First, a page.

3 Areas Italy Can Improve in Following Their 1-0 Defeat to Costa Rica
Following a convincing 2-1 win over England, it seemed like Italy were in the driver's seat to win Group D and establish themselves as real contenders to go far in the 2014 World Cup.
After slumping to a shocking 1-0 loss to Costa Rica, however, the Azzurri have been given a reality check.
A Bryan Ruiz header on the stroke of half-time sealed the deal for Costa Rica, who grabbed their second scalp of the tournament after upsetting Uruguay, 3-1, in their opening game.
While Costa Rica deserve full credit for progressing from this Group of Death despite being the least fancied team, it must be noted how insipid Italy were in the defeat.
They looked like a different team than the one that outclassed England in Manaus, and now face a crunch match against Uruguay to decide which nation will advance to the knockout round.
Here are three areas Italy can improve in after an overall disappointing display.
Perhaps the most disappointing aspect of Italy's performance was the lack of creativity.
Despite dominating possession—especially in the second half—with 61 percent, they managed just 10 shots to Costa Rica's 11. Costa Rica had five shots on target, while Italy had four shots on target.
Cesare Prandelli must take some of the responsibility for Italy's lack of spark going forward. He tinkered with the lineup that beat England, dropping Marco Verratti for Thiago Motta, and the decision ultimately cost Italy.
The midfield three of Andrea Pirlo, Daniele De Rossi and Motta didn't offer much going forward, with Pirlo operating from deep, while De Rossi and Motta are primarily defensive.
Verratti was clearly missed, as the 21-year-old completed 97 percent of his passes against England and assisted Claudio Marchisio's goal.
Consequently, Mario Balotelli was virtually nonexistent, completing just 12 passes throughout the match. If Prandelli is to take advantage of having a world-class striker in Balotelli, he will need to ensure that the Azzurri are more creative and inventive than they were against Costa Rica.
Credit to Costa Rica for being well-organized and tough to break down, but players like Antonio Candreva, Antonio Cassano and even Pirlo will need to step up against Uruguay.
Whenever an upset as big as this one occurs, the complacency of the losing team must come into question.
While Italy should have been wary of Costa Rica after their surprise win over Uruguay, the Azzurri looked complacent against a team that, on paper, they should have beaten.
It's not the first time that this happened, either. Italy have a tendency to underestimate "smaller" teams, made evident by recent draws in friendlies against Luxembourg, Nigeria and the Republic of Ireland. Rarely do Italy put four or five past a team—whether it be against a powerhouse or a minnow.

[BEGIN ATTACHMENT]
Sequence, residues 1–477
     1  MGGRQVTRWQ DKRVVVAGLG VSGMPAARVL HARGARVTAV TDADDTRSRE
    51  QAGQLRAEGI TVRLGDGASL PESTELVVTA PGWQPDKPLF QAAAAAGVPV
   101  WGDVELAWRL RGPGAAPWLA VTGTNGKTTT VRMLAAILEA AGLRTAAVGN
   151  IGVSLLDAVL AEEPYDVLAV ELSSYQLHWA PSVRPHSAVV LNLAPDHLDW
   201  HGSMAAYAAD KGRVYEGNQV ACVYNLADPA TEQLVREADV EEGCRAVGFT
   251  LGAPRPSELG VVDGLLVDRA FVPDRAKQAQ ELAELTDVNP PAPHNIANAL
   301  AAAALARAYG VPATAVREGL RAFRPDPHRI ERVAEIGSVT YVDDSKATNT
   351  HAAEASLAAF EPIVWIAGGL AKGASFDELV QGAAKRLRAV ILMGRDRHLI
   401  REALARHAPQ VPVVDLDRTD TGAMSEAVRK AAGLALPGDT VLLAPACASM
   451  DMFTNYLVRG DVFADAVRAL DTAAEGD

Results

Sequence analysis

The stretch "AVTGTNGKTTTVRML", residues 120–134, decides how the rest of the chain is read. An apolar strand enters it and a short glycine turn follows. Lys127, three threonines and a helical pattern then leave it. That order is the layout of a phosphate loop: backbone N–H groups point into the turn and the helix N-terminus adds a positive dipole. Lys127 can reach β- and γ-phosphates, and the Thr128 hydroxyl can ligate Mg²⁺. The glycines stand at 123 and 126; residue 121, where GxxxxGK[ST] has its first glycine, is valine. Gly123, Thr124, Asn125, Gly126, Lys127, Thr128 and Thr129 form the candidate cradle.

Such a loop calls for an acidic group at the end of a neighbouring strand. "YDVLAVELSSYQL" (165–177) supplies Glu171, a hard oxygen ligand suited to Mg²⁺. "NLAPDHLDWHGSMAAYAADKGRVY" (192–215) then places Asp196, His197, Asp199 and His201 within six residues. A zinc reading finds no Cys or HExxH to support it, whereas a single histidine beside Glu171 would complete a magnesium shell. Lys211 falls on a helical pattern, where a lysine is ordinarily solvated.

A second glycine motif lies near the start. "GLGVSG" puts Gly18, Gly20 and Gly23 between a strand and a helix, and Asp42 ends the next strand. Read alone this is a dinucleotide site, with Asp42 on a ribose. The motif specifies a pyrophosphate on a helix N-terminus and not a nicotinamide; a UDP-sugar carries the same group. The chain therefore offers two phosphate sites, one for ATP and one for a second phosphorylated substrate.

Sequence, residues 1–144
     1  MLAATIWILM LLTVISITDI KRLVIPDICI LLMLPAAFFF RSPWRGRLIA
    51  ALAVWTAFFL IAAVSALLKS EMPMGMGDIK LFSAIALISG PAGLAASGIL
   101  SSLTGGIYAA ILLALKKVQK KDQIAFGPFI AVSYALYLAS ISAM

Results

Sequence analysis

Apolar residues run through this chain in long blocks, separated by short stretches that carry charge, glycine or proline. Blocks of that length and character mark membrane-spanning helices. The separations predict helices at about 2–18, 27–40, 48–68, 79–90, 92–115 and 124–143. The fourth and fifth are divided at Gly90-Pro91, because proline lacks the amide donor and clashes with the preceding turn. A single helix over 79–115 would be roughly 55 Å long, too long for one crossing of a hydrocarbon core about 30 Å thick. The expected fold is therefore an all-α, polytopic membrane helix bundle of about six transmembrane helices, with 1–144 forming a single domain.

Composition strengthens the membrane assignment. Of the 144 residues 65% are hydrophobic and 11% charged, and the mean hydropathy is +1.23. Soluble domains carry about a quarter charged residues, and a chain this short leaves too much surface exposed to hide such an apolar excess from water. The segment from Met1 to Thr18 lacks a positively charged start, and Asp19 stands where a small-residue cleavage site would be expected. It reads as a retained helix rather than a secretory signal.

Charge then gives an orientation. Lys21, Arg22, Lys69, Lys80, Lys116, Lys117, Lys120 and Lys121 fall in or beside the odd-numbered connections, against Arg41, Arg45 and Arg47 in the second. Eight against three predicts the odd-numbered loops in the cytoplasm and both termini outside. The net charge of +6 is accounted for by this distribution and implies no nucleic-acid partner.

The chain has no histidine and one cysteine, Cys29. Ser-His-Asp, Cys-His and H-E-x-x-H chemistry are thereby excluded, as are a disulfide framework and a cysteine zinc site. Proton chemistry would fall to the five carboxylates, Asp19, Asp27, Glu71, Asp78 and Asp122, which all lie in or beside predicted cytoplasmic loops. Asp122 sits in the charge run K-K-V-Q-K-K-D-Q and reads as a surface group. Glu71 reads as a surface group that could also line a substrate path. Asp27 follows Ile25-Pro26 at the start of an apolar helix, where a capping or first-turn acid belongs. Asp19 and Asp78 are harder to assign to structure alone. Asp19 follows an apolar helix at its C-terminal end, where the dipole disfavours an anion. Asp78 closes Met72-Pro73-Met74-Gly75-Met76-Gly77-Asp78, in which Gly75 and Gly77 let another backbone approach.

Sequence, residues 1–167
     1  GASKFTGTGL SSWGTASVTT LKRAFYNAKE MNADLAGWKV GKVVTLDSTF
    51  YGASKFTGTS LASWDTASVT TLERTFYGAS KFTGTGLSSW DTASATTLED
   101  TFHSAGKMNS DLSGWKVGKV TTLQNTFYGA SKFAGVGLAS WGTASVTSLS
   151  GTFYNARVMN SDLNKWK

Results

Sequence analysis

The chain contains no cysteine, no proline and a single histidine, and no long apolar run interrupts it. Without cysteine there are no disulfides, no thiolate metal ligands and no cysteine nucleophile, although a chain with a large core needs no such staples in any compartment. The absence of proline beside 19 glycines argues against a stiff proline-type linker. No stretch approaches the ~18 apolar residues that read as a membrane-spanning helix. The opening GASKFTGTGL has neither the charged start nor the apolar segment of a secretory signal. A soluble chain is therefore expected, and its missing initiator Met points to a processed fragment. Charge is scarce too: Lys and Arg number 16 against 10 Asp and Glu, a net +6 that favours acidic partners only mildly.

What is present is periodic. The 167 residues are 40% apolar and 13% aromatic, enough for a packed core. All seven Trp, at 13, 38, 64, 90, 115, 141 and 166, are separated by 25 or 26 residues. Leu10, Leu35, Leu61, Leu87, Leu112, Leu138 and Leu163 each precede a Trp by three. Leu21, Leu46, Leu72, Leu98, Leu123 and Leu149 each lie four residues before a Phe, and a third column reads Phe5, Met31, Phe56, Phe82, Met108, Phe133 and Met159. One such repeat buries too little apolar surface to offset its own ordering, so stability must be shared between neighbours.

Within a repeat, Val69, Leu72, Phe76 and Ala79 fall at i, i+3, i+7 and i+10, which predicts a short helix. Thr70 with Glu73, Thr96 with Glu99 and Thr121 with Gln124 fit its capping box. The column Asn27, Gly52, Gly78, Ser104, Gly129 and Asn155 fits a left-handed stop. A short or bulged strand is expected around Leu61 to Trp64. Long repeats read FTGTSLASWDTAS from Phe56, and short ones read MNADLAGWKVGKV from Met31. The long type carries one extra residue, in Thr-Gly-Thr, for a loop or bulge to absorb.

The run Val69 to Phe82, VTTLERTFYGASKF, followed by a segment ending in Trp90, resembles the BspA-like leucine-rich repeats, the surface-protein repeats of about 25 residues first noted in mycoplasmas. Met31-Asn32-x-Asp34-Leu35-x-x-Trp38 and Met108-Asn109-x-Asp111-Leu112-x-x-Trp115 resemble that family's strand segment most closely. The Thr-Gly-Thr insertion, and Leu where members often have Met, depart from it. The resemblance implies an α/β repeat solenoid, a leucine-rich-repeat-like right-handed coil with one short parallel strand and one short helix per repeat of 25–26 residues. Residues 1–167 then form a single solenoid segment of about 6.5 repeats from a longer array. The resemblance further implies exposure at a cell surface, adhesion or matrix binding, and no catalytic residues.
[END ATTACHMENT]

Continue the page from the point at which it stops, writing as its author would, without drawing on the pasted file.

That being said, Prandelli's side know how to get the job done when it matters most. Needing at least a draw against Uruguay to advance to the knockout round, expect Italy to grind out a result against Luis Suarez and Co.
Although Cesare Prandelli has done an excellent job in charge of Italy and is arguably one of the most tactically astute managers at the World Cup, his substitutions against Costa Rica were ineffectual.
In an attempt to inject his side with some much-needed creativity, Prandelli brought on Antonio Cassano for Thiago Motta at half-time. While the substitution itself makes sense—an attacking player on for a defensive player—Cassano failed to make his mark on the match, completing just 56 percent of his passes and one dribble.
Alessio Cerci and Lorenzo Insigne were brought on later, but both were just as ineffective as Cassano, each completing one dribble despite operating from the wings.
That said, not all of the blame can be put on Prandelli—both Cerci and Insigne impressed in Serie A this season and one would expect them to make more of an impact than they did.
It would've been nice, however, to see Ciro Immobile get some playing time. The 24-year-old was the top scorer in Serie A last season with 22 goals, so it seems like a waste to keep him on the bench when the team is clearly in need of a fresh attacking option.
Hopefully Prandelli will give the Borussia Dortmund striker a chance against Uruguay, as he deserves to be more than just a benchwarmer for this Italy side.
All statistics via WhoScored.com.
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